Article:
• Knot A Problem....

    There has been a surge of business over the last couple of weeks, which we are all grateful for, and so I went out for the third time to test myself against the elements. Our clients for the day were two french ladies visiting a friend, he was busy with work, so they came sailing with us. Like everything else different people approach the trip in different ways. These ladies were content with laying on the trampoline (in the front of the boat) while we buzzed around them hoisting sails, tacking, serving food and drink, etc. The older of the two had sailed with some friends during a summer about twenty years ago, and the other girl (in her twenties) was experiencing sailing for the first time. So there were white knuckles everywhere....although seasickness wasn't an kudos to them for that.

    As for me it was time to dig in a little deeper. Time for me to practice what I had been observing over the last couple of trips. First of all, physics and gravity owe me an apology! How is it that a man of my...uh...density can struggle to hoist a weighty sail, but another man with a weaker grip and less constitution can do it with a smile. I must have had a bad angle or something, anyway, it was a lot harder than it looked. It was deceivingly difficult but with great effort and strange noises, I finally got it.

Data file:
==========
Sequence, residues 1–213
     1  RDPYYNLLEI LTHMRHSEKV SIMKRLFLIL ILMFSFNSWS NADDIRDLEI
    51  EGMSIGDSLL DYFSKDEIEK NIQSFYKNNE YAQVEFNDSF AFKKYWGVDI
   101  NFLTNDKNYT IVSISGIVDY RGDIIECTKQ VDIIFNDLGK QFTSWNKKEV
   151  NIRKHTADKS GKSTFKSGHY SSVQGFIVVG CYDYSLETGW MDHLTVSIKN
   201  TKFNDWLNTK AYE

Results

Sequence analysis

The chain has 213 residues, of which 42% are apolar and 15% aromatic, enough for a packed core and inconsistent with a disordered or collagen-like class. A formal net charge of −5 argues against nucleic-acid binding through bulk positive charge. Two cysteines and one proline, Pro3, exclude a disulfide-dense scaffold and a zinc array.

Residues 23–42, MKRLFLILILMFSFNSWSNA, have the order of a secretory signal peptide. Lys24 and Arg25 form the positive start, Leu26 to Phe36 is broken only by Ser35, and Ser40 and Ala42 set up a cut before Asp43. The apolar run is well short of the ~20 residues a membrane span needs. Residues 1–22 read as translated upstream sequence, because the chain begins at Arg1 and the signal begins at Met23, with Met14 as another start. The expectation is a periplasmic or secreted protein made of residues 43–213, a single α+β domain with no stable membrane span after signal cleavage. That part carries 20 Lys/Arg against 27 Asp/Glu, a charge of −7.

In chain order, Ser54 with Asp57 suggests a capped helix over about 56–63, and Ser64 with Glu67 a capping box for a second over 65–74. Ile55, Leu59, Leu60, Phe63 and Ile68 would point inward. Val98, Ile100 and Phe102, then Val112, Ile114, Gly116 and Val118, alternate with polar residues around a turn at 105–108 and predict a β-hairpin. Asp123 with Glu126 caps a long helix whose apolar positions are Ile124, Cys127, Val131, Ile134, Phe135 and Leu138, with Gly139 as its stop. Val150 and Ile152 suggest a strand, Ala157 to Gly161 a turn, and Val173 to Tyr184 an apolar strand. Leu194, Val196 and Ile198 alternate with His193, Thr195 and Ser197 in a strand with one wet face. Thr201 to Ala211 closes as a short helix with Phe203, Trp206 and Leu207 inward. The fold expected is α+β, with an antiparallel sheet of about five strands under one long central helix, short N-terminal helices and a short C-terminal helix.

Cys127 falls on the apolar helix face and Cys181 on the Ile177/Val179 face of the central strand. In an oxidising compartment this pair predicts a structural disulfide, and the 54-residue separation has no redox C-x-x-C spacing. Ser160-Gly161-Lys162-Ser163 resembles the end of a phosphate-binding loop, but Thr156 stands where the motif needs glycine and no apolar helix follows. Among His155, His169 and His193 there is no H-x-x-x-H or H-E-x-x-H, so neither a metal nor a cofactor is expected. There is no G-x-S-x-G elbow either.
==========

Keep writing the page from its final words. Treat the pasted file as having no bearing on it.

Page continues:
Secondly, a good sailor knows his knots! It's pivotal to a successful voyage because knots are everywhere. I was given a simple request days ago to the tune of "Learn how to tie a bowline knot". I had a little experience with this knot in the rock climbing days so it came easy...I worked on it for an hour until I could do it with my eyes closed. Proudly I announced my victory and was busy congratulating myself when I was told that the real challenge is to do it behind your back. I scoffed, NO PROBLEM! BAM! in 20 minutes I owned that knot behind my back. Confidently I'm in the field/boat with my battle plan at the ready just looking for a rope that needs a tying. I hope I don't embarrass the other guys with the speed and agility I demonstrate when I get to tie a knot. The mainsail is up...after a little help...Foresail has been hoisted and drawn tight and is ready to be.....wait.....I see it....the end of the rope that is destined for the flapping point of the foresail. I get command, "Tie the line into the clew of the foresail (he looks at the wind and then back at me) have thirty seconds.... I only need ten! I NEEDED MORE THAN TEN! The sail was out of control, flapping with the cruel wind, and that wasn't the worst part. The knot tying wasn't in front of me, or behind my back,.....Neh,Neh..... it was above my head, reversed, the sail was moving constantly, with the wind and motion of the boat trying to throw me into the water......(Real quick. Don't think for a second that the lagoon we sail in is a glassy surface that we make beautiful ripples in while we glide effortlessly across its magical surface. NO!....waves....lots of waves...and wind...all the time.....Is it warm? you might ask. NO! We are layered with clothes and can very comfortably wear a beanie without the slightest fear of overheating. Anyway....where was I?...Ah yes....I'm failing miserably at my knot whilst hanging on for my life.) With my brain short circuiting, and my 30 seconds long past expired and handed the job to someone more capable, kicked what was left of my ego off the boat and into the water and once again observed how it was done. I walked to the captain, who found it all amusing, and I asked him. "In what situation would I ever never need to be amazing at tying a bowline behind my back?" He just smiled as if he had no idea what I could be talking about.....Oh, he knew! Everybody got jokes.So I learned a few lesson through humility that day, which is always a potent teacher, and got a few more miles under my belt. Next time will be different!!!